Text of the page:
People's Kitchen

A Project of 215 People's Alliance and South Philly Barbacoa

What if we had a completely radical food system? We are taking back our food system at every level and fighting for every family to have access to nutritious, local, chef-cooked meals. 

The People’s Kitchen is a food security and employment survival project in collaboration with the restaurant South Philly Barbacoa. Each day, Monday through Friday, different chefs from local restaurants, who otherwise would be unemployed, cook in South Philly Barbacoa’s kitchen 200 wholesome, culturally diverse meals, such as jerk chicken and chicken tikka masala. These meals are then either delivered to or picked up at the restaurant by families and neighbors in need. To help with distributing the meals, 215PA has partnered with Church of the Redeemer Baptist Church in Point Breeze, Puentas de Salud, UNITE HERE Philadelphia, SEAMAAC and the Pennsylvania Domestic Workers Alliance

Interested in learning more about the People’s Kitchen? Contact Carly Pourzand, Project Coordinator at

The COVID-19 pandemic has worsened the hunger emergency in Philadelphia, yet food insecurity is not a new phenomenon in the city. According to a 2018 report from Hunger Free America, while hunger decreased nationally, food insecurity levels remained high in Philadelphia. Most striking is the impact on low-wage workers as “239,627 adults in the Philadelphia metropolitan region were working from 2015- 2017 but were still food insecure.” The inequality in our food system is immense. The same report states that, “in order to end hunger, the food purchasing power of food-insecure families would need to be increased by $158 million in Philadelphia.” COVID-19 has only exacerbated a broken system, where many of these same low-wage workers have now lost their jobs or seen a reduction in work hours due to the economic shutdowns. It is clearly evident that there is an urgent need to ensure that families and workers most vulnerable receive the food they need.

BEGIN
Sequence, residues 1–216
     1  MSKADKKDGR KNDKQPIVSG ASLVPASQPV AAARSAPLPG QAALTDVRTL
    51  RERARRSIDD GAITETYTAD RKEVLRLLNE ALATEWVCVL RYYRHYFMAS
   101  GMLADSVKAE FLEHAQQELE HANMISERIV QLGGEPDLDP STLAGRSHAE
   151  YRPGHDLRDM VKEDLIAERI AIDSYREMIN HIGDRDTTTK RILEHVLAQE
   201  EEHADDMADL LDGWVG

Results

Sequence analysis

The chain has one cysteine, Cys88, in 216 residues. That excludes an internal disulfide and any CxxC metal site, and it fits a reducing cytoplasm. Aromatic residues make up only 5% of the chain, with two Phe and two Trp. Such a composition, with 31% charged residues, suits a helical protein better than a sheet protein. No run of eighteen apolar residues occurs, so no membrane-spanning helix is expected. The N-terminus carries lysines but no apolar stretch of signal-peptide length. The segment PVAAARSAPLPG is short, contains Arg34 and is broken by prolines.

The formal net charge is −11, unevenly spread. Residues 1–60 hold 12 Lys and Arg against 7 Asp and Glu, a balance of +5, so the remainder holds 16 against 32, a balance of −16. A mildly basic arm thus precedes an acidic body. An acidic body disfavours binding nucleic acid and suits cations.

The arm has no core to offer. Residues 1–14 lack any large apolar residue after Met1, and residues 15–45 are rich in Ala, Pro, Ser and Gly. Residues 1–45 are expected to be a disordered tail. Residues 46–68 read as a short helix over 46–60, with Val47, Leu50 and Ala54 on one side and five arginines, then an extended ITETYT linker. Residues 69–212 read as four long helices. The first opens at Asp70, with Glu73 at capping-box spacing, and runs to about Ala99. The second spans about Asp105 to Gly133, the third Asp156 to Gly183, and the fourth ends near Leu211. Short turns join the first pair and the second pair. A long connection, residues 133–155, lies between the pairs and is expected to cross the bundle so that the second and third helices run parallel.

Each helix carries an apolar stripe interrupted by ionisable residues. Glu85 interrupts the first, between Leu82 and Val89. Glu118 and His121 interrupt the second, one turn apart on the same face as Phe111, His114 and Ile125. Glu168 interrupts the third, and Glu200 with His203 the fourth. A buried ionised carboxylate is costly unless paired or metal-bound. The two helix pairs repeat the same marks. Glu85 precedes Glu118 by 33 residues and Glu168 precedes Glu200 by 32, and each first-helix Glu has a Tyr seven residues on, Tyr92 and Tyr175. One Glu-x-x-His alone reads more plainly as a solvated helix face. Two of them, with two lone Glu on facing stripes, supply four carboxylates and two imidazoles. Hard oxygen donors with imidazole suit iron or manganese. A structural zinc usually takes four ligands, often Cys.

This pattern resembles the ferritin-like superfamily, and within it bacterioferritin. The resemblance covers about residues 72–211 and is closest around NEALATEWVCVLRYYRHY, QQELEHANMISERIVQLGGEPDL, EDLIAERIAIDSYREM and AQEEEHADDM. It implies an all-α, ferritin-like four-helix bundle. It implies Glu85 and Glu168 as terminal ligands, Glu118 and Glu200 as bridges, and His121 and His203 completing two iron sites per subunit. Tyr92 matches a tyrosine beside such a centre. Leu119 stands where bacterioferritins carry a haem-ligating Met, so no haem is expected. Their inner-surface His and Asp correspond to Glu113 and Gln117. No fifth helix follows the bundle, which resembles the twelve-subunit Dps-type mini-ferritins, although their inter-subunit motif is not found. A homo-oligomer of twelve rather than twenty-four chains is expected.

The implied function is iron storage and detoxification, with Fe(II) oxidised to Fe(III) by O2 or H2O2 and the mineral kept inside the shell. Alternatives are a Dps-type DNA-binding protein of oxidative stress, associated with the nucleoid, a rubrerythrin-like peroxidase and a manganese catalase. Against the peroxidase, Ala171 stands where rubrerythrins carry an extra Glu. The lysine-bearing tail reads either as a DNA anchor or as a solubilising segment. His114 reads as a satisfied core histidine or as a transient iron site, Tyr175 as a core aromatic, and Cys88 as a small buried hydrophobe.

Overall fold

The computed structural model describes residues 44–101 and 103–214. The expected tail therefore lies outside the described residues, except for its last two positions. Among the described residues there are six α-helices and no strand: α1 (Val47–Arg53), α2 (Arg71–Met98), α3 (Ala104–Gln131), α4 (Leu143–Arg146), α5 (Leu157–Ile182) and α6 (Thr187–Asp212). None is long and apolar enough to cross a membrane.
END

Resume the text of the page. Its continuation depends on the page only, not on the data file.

COVID-19 is forcing social justice base building organizations to invent new methods and practices at a time when we also need to meet people’s most basic survival needs, which is why 215 People’s Alliance and South Philly Barbacoa created the People’s Kitchen. We know we cannot serve everyone. In order to move beyond charity programs and address the system issues of food insecurity, a larger organizing program is needed that highlights the intersections of employment and food access.